The Dutch Dataverse Network: a host for the ChEMBL-RDF v13.5 data, and some thoughts in workflow integration

August 31, 2013

(This article was first published on chem-bla-ics, and kindly contributed to R-bloggers)

Last Thursday, there was a UM library network drink. And as I see a library where knowledge is found, and libraries still rarely think of knowledge as ever being able to be stored outside books and papers, I was happy to see the library promoting the Dutch Dataverse Network. So, I had to try it, and see if it fulfilled my basic needs:

  1. shows under what conditions people can download, modify, and redistribute data;
  2. has a high visibility on the web; and
  3. it is open source and developed by @thedataorg.
And it does: and here is the v13.5 data behind the ChEMBL-RDF paper (which you can also query via this SPARQL end point at Uppsala University):
Now, Chris Evelo wondered about the purpose of this. Can we import the data in analysis platforms? How does it related to efforts our group is involved in, like dbNP etc?
Well, my primary reasons for doing the above was to test the system and to serve more than 700MB of RDF triples. Thus, with the testing of the system done, the question now is, can we use it in data analysis platforms. I found this R package by Thomas J. Leeper. It has several methods, some of which are given in the below example code:

search = dvSearch(

This shows us the handle of my one and currently only data set, hdl:10411/10279. We need some further information, such as the formats of the records metadata:
formats = dvMetadataFormats(
When we combine this, we can retrieve the metadata:
metadata = dvMetadata(
Now, the package then has a dvExtractFileIds() method to extract the file names. But the metadata for my record is not compatible, and you need this code instead (and this has likely to do with me not knowing the Dataverse system in enough detail to use it properly):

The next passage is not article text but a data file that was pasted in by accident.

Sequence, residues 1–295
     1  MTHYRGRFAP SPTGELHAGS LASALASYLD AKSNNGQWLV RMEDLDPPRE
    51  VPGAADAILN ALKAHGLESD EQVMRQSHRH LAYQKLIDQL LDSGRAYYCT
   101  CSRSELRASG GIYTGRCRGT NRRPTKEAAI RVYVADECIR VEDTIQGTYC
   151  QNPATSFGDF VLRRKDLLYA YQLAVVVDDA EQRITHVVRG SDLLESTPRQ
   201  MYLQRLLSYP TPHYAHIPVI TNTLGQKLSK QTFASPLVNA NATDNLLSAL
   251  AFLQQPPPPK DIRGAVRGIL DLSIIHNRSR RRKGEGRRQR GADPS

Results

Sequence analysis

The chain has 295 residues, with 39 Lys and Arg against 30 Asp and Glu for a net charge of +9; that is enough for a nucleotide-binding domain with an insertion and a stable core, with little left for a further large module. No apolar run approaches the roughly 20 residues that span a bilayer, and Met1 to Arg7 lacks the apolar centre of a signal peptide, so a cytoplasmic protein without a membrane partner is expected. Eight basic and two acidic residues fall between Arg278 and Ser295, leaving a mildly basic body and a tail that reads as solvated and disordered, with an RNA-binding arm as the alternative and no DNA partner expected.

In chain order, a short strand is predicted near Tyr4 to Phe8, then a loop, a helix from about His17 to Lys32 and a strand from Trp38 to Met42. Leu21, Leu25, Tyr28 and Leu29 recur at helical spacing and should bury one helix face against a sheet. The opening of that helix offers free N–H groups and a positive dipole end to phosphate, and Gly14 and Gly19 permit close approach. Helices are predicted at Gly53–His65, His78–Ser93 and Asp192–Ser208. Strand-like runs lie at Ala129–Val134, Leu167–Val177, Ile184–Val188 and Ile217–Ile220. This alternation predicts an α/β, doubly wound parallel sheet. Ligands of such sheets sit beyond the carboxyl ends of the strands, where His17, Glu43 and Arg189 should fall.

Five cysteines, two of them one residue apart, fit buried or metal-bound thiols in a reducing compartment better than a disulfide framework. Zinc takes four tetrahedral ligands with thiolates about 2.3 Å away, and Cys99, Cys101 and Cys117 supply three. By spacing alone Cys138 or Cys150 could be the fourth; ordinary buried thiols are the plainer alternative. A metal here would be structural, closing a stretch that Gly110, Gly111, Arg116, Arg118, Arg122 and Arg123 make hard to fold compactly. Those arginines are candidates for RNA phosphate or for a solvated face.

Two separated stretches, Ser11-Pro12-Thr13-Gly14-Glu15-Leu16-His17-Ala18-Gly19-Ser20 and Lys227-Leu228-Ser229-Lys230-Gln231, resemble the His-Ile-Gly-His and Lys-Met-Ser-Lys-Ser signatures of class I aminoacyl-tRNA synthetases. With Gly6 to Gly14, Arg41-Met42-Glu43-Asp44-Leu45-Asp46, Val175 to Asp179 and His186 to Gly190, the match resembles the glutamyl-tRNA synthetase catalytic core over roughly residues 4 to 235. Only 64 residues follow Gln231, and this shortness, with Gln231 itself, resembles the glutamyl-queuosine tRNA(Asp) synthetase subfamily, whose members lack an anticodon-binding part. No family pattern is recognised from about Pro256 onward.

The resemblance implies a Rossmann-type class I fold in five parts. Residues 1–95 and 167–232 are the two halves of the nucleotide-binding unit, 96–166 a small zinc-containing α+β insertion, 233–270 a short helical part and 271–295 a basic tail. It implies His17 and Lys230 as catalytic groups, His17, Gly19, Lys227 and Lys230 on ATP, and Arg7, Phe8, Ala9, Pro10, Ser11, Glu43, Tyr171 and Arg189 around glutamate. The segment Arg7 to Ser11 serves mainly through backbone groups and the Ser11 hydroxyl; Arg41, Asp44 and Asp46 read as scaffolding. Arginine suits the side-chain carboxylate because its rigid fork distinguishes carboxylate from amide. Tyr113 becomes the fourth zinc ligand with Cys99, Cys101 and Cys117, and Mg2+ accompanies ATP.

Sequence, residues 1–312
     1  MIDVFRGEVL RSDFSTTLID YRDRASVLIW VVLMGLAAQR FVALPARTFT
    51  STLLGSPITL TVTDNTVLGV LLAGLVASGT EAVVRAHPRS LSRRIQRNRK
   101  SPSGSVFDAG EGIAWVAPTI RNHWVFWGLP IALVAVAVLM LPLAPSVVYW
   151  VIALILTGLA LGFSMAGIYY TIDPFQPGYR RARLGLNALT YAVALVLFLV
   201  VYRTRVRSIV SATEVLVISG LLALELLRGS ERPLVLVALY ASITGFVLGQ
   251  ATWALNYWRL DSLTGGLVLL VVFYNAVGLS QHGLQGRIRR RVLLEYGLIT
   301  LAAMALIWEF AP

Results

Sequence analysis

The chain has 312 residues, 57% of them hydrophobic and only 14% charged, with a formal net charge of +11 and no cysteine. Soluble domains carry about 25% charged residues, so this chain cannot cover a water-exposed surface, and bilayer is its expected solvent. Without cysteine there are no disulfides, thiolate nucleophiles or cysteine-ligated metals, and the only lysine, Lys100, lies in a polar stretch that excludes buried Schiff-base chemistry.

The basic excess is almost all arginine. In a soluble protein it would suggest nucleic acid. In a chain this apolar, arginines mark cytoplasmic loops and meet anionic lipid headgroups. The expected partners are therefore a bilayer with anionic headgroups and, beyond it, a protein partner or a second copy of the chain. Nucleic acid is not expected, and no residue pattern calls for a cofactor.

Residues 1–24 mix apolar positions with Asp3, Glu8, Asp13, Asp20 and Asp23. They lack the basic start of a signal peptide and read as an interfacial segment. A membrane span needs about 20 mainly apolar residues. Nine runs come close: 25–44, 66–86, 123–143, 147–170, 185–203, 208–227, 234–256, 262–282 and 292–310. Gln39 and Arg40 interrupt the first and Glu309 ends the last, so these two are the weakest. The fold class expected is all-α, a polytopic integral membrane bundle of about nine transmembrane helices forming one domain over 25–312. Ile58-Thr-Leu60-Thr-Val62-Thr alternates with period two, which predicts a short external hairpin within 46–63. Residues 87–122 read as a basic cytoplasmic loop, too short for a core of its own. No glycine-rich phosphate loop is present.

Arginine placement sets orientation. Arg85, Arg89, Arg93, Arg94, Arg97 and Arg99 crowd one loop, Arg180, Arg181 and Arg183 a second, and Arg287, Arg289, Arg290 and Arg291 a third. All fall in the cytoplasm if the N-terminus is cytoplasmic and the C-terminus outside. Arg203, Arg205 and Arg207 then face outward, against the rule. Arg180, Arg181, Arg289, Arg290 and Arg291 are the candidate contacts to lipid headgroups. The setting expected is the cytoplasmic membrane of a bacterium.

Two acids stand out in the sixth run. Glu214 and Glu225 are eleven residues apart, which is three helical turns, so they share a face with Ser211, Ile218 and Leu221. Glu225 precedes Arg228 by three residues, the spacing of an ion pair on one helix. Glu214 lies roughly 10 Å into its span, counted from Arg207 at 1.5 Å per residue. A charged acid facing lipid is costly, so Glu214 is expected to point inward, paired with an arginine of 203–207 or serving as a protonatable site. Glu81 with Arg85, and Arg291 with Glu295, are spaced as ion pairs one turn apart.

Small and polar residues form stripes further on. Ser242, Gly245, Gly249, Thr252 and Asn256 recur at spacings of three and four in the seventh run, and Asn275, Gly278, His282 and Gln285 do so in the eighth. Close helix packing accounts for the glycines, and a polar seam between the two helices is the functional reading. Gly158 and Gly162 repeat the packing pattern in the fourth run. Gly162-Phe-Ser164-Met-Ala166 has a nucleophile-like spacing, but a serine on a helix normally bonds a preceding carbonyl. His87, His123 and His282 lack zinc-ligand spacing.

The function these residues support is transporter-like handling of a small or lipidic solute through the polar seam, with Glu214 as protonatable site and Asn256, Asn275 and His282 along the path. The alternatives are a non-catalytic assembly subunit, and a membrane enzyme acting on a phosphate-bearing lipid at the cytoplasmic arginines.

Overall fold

extractOtherMatFileIds = function (xml) 
    nodes <- xmlChildren(xmlChildren(xmlParse(xml))$codeBook)
    dscrs <- nodes[names(nodes) == “otherMat”]
    d <- data.frame(matrix(nrow = length(dscrs), ncol = 4)) 
    names(d) <- c(“fileName”, “fileId”, “level”, “URI”)
    for (i in 1:length(dscrs)) {
        attrs <- xmlAttrs(dscrs[[i]])
        d$fileName[i] <- xmlValue(xmlChildren(dscrs[[i]])$labl)
        d$level[i] <- attrs[names(attrs) == “level”]
        d$URI[i] <- attrs[names(attrs) == “URI”]
        d$fileId[i] <- strsplit(d$URI[i], “fileId=”)[[1]][2]
So that, similar to the dvn package help PDF, we can continue with:
files = extractOtherMatFileIds(metadata)
info <- dvDownloadInfo(

We are now ready to download the data, but, except for a small bug in the package, we run into a wall:
data <- dvDownload(
We we do not get access, and get this error instead:

Error in dvDownload(dv = “”, files$fileId[1]) : 
    Terms of Use apply.
Data cannot be accessed directly…try using URI from dvExtractFileIds(dvMetadata())

This is despite me marking the data as Public. I do not know the reason yet, but it could have to do with setting the CC-BY-SA license? They indeed do apply, but that doesn’t mean an anonymous user cannot download it. The error seems to originate from info in here:
  verb = “downloadInfo”,
  query = files$fileId[1]
This code is part of the download function, which returns a XML snippet with this part:
<accessRestrictions granted=”false”>
The workaround suggested in the error message is to just use the URI, using default R functionality:
However, this does not return the data file, but a HTML page that allows one to accept the terms of use. Of course, we can use the browser option in several of the methods, but any user interaction makes downloading data in a workflow setting unrealistic.
Now, it should be able to automate that, not? We should be able to instruct the dvn package and the Dataverse network to always accept Creative Commons licenses, right?

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